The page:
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voting

California's primary election is late in the year, but it's starting to draw close; and this year it includes the presidential candidates. But how to choose among them is a puzzle for me.

I have no thought of asking for the Democratic ballot. Clinton is an authoritarian, corrupt, and a dynastic candidate with an appalling sense of entitlement; on the other hand, Sanders is a socialist, and I don't vote for fascists or socialists.

I'd have to register soon (if it's still possible) to vote in the Republican primary; they don't take independent voters in California. The idea of voting against Trump is not without appeal; see my comment about Sanders. His rival is Cruz, and some of Cruz's positions appeal to me; I'd like to see if he carried through on his proposal to abolish multiple executive departments and agencies. Also, I'd much rather have him appointing the next few Supreme Court justices than any of the other three. On the other hand, Cruz's views on abortion and same-sex marriage are big reasons not to support him, and those are issues I care about. It's also worth keeping in mind that so many Californians will vote in the Republican primary that my vote will fall into the margin of error in any case.

The other option is to ask for the Libertarian primary ballot. That's a party that's a closer fit to my own views; their candidates have meaningful differences; and also, my vote will fall short of significance by a smaller factor, since rather fewer people vote Libertarian. And since I'll probably vote for the Libertarian in November, it makes some difference to me which one it is.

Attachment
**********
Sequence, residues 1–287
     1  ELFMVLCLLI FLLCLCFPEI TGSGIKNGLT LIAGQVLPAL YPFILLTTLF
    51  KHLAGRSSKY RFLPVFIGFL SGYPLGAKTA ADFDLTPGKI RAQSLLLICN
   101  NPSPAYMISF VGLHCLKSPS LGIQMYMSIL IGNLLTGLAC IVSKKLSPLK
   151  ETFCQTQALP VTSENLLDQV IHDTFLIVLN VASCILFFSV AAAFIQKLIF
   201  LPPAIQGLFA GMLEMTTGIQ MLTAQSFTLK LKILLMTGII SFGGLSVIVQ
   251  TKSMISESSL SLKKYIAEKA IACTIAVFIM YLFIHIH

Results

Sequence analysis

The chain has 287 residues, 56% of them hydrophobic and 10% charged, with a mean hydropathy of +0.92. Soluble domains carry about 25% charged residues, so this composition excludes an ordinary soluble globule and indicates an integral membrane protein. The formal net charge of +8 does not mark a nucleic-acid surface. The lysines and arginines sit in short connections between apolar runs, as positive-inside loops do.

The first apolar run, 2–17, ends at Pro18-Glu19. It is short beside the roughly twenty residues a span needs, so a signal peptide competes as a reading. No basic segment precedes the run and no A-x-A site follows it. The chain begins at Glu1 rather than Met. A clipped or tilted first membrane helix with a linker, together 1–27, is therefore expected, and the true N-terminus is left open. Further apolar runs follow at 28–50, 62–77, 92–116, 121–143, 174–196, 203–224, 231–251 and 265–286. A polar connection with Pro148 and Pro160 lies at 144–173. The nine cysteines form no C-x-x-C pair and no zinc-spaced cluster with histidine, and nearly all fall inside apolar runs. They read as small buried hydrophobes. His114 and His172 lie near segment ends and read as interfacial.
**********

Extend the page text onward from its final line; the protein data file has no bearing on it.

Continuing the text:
Comments

chuk_g
Apr. 15th, 2016 06:29 pm (UTC)
I'm not an American -- can you not vote in all the primaries?
whswhs
Apr. 15th, 2016 07:13 pm (UTC)
No. Traditionally each political party had its own primary; if you were a registered Green you could play a part in choosing the Green candidate, but not any other, and likewise the other parties. Each party picked its own candidates through a vote of party members, and then put them up against the other parties' picks. Having the support of your party's insiders was a help in getting nominated, but not a sure thing; every so often one party would nominate a strongly ideological candidate who was a favorite of their membership, and then lose the presidential election massively. (Goldwater did this as a Republican, and McGovern and Dukakis both did it as Democrats. It does seem possible that both Cruz and Sanders could have that effect on their parties this year, which would be . . . interesting.)

California has changed the general rules to open primaries: All potential nominees run against each other in June, and the two with the highest vote count have a runoff in November. As a (small-l) libertarian I detest this: Write-in candidates are prohibited in the November vote, which is a direct attack on voter sovereignty.

However, this doesn't apply to the presidential nominations, which are done on a national scale; if California picked two Democrats as top choices the Republicans wouldn't nominate either of them! Instead we have a compromise: A party can either limit its primary vote to party members, or allow nonpartisan voters to ask for its ballots and participate in selecting its candidate. The Republicans do the first; the Democrats and Libertarians do the second. You still only get to ask for one specific party's ballot; you can't take part in choosing candidates for more than one party.

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